June 19, known as Juneteenth, is an unofficial holiday that marks the end of slavery in the United States. It commemorates the day in 1865 when Union soldiers brought enslaved people in Texas to the Declaration of Emancipation.
Trump's indoor rally in Tulsa was instead postponed to Saturday.
"I did something good: I made Juneteenth very famous," Trump told the newspaper.
Tulsa was also the scene of one of the most notorious incidents of racist violence in US history. In 1921, a large number of white residents attacked and killed black community members, destroying a thriving black business district.
PORTLAND, Ore. - Portland, Oregon police said they cleared an area in the city's Pearl District early Thursday when protesters attempted to set up an "autonomous zone," like the Seattle protesters did.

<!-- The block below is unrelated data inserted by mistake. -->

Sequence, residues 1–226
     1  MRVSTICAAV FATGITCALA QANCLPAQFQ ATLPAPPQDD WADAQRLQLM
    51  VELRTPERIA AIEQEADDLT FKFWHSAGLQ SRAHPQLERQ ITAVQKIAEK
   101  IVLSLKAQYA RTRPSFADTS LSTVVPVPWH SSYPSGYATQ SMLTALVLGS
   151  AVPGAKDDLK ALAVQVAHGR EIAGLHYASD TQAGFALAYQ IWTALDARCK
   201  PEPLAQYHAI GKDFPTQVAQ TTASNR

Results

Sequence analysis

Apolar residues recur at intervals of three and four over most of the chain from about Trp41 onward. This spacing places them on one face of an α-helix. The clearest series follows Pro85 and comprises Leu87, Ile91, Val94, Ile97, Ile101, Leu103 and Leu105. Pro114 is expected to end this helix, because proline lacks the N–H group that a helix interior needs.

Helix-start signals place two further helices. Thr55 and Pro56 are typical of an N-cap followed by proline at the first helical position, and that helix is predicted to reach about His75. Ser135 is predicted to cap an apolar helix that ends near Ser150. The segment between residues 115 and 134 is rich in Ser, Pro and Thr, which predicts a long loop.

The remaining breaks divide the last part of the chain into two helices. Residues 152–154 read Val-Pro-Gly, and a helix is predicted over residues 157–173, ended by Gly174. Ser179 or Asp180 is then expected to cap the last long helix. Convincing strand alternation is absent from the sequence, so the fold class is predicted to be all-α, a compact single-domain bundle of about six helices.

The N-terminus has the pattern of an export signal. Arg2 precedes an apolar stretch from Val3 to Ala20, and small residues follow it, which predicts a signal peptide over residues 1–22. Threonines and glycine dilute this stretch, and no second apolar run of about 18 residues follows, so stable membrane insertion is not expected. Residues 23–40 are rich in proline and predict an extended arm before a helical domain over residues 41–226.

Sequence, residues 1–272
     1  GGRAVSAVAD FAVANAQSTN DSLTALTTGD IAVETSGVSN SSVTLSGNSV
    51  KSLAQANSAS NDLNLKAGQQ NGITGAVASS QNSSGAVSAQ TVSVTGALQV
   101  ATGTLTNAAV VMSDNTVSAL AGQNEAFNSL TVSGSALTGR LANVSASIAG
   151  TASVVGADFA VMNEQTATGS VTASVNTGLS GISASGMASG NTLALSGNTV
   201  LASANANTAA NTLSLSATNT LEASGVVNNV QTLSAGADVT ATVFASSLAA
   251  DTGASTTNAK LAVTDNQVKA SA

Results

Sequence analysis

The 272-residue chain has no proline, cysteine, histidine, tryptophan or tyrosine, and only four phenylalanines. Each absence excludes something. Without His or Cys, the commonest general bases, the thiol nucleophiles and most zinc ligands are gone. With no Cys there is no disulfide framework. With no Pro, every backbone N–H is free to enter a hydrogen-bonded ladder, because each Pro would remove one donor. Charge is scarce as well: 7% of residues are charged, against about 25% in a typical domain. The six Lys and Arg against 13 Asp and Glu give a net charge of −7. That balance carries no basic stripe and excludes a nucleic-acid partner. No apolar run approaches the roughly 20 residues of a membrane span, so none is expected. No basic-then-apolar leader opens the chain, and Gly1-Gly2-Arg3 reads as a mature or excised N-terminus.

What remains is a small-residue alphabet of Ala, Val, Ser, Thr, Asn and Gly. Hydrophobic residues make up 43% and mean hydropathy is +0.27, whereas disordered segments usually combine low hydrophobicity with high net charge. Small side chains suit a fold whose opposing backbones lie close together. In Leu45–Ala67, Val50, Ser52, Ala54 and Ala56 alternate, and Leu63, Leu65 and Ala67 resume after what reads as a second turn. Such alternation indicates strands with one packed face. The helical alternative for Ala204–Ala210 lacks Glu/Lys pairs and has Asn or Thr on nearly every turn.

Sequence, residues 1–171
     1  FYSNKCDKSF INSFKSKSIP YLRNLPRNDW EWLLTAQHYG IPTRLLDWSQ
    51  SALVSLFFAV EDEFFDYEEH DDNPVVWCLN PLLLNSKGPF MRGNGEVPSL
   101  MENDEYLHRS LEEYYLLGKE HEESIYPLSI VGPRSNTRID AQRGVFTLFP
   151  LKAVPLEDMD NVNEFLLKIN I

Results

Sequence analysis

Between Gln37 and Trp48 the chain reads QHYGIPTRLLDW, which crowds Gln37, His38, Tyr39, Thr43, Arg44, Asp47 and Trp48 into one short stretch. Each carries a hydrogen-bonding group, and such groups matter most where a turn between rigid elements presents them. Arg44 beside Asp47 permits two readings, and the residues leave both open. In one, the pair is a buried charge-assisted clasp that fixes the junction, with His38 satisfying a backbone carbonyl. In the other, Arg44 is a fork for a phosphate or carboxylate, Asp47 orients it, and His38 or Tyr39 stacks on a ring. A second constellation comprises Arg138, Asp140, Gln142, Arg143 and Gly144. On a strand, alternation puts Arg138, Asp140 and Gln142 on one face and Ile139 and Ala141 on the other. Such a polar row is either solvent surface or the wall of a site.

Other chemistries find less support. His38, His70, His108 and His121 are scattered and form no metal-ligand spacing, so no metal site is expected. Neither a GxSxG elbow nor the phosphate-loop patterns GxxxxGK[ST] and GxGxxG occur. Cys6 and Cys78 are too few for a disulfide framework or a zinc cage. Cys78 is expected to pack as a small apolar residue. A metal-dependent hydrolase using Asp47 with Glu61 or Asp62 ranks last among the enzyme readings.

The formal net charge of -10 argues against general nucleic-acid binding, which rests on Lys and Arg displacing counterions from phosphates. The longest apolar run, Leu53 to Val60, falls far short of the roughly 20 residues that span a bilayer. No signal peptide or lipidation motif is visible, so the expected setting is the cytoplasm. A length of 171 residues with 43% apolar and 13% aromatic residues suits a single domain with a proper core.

The police declared a civilian disorder and illegal assembly at 5:30 a.m. after hundreds of demonstrators tried to gather and camp.
After the statement was released, the police said the approximately 50 remaining people remained in the region. According to the authorities, one person was arrested.
In Capitol Hill, Seattle, demonstrators have blocked several blocks near a police station. The police have largely withdrawn from the area, and city officials say they continue to communicate with protesters who say they keep the space peaceful.
The Capitol Hill Occupied Protest zone has been criticized by President Donald Trump and others. Portland Mayor Ted Wheeler said he did not want a similar protest zone in Oregon's largest city.
"I don't want to set up an autonomous zone in Portland," he told reporters. "I want to say unequivocally - I absolutely do not support that."